The couple is able to glance from their windows, or sit outdoors on their patio, and enjoy Mother Nature to the fullest.
"If that (Crawford Road) goes through, it will just break my heart to see all of that disappear down there," Merlin Tipton said. "We see so many animals in this backyard. Just a week ago, there were 12 turkeys back there, and there's a lot of deer, skunks, raccoons, and there are hundreds of rabbits that live down there."
Construction of the road, he fears, will mean removing the thick stand of trees in the ravine.
"There are thousands of birds that nest there every year," Mr. Tipton said. "All of that is going to be gone, and that's just going to break my heart if this happens."
The Tiptons and several of their neighbors who reside in the city's Southeast Ward are part of a collective movement attempting to halt the extension of Crawford Road south, down the bluff in a ravine that runs right behind the Tiptons' property.
They support turning the area into a nature preserve, and, instead of building a street, constructing a 10-foot wide bike path down the bluff in the ravine.
Last spring, an initiative was filed with the city that calls for voters to decide whether to continue the construction of Crawford Road south over a wooded bluff to provide a link with Burbank Road, which runs east and west on the city's southern border.
Citizens were compelled to circulate a petition to put this issue to a public vote after the Vermillion City Council decided last April to not extend Crawford Road and remove it from the city's comprehensive plan.
Aldermen also removed several alternative transportation options in April for the eastern section of the city.
The residents in the neighborhood that would be affected by connecting Crawford Road to Burbank Road – people like the Tiptons – filed initiative petitions in August to counter the initiative that has already been submitted by supporters of the road project.
That means Vermillion voters who go to the polls Tuesday, Nov. 7, will be asked to vote "yes" or "no" on Municipal Initiated Measure A, or Initiated Measure B.
Measure A favors development of Crawford Road. Measure B favors the creation of a nature preserve with a bike trail in the area.
If both measures receive a majority affirmative vote, the court system will become involved in ruling which initiative should take effect.
"The emotional side of the whole argument – we want to save the trees, we want to save the woods, we want to save the habitat – is very important, but also, we have a valid argument that the road maybe isn't necessary," said Mona Bye, one of the Tiptons' neighbors. "The money could be spent in a better way.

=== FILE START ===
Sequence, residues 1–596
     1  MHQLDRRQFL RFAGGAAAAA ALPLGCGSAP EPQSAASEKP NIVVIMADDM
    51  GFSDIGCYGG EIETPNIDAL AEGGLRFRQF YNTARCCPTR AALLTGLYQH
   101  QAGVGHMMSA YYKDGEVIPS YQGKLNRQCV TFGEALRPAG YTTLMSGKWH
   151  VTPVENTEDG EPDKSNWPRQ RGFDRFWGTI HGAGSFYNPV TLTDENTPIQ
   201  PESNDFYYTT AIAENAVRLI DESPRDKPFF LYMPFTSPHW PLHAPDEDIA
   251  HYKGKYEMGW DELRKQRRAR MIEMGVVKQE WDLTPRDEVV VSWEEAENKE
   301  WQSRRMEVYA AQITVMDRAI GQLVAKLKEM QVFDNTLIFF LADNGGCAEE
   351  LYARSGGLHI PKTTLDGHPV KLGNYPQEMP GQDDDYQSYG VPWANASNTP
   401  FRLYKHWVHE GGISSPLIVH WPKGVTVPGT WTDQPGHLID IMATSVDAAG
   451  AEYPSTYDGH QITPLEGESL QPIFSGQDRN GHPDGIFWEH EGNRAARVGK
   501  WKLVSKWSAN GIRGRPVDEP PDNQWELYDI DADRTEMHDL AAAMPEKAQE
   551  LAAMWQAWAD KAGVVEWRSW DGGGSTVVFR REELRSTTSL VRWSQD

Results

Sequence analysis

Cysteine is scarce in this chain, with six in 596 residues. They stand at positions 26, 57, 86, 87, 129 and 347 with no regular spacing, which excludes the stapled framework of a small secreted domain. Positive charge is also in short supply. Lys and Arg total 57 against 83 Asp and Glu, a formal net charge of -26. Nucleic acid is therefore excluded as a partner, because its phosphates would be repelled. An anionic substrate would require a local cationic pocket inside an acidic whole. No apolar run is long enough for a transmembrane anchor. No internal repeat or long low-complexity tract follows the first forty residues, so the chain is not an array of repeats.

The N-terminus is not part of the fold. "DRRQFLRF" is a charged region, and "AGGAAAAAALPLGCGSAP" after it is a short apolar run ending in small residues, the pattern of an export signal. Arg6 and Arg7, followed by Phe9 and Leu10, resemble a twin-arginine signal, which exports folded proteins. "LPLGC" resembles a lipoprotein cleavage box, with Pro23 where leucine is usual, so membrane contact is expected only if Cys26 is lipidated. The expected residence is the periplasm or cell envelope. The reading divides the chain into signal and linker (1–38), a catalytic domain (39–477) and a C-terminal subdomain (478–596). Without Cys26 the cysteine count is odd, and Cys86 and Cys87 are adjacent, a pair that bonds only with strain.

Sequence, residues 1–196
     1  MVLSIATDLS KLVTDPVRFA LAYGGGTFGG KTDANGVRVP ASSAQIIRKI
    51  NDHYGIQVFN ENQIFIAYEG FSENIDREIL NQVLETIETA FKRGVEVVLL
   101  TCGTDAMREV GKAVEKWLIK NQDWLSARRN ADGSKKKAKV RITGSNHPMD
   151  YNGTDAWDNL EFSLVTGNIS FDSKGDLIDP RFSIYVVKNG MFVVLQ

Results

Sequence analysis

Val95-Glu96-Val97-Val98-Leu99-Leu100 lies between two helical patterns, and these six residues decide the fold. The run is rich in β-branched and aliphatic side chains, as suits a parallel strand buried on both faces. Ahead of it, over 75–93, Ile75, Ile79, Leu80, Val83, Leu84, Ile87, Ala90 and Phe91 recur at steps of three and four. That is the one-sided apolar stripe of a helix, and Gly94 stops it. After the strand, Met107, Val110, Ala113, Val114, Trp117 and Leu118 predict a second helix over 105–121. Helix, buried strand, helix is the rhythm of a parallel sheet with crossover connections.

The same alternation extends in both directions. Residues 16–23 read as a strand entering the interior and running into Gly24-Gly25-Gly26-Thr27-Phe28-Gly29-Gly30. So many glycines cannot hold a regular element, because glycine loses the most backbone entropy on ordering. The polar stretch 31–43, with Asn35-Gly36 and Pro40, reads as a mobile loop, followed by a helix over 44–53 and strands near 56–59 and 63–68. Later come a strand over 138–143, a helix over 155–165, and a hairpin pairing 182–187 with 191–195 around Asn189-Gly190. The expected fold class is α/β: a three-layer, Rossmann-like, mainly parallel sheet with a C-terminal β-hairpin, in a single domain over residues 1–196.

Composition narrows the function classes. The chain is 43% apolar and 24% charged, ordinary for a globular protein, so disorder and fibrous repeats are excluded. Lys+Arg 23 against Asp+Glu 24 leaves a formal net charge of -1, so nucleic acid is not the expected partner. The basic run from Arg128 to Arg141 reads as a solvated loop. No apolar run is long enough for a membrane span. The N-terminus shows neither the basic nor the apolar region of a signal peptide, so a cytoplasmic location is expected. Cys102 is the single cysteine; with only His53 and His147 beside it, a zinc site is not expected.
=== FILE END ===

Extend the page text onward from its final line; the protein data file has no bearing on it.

"If your goal is economic development," said Mel Ustad, who lives with his wife, Joanne, at 1525 Crestview, "and increasing buildings through housing and increasing the tax base, there are dozens of roads that you could build using that money, and they would all benefit the city."
He added that there would be room for development along such streets. They could be opened up for lots and new housing for the city.
The urgency of completing the road project seems strangely misplaced, said Tom Lavin, who lives near the Tiptons at 1544 Crestview Drive, noting that engineering reports that cite Crawford Road development as an important project for the city are at least 40 years old.
If the city wants to make it easier for its motorists to gain access to Highway 50, she added, it would make more sense to develop Fairview Street west of the city.
Lavin said the ravine that is now known as Crawford Woods is a much more valuable asset than one might think at first.
�There is a lot more down there than people realize at first, and I think people are just looking for a quiet place to walk,� he said. �This area gets used a lot by people for exercise.�
Joanne Ustad believes proponents of Crawford Woods can, just as effectively as supporters of Crawford Road, argue that safety issues are involved.
�I don�t think Burbank Road is very safe,� she said. �If anybody is out walking, it would be hard to see them, especially if they are traveling east in the morning and you have the glare from the sun coming up, and there are no shoulders on Burbank Road.�
She believes the new section of bike path, built to connect with the existing trail that runs along the Vermillion River, would make more sense.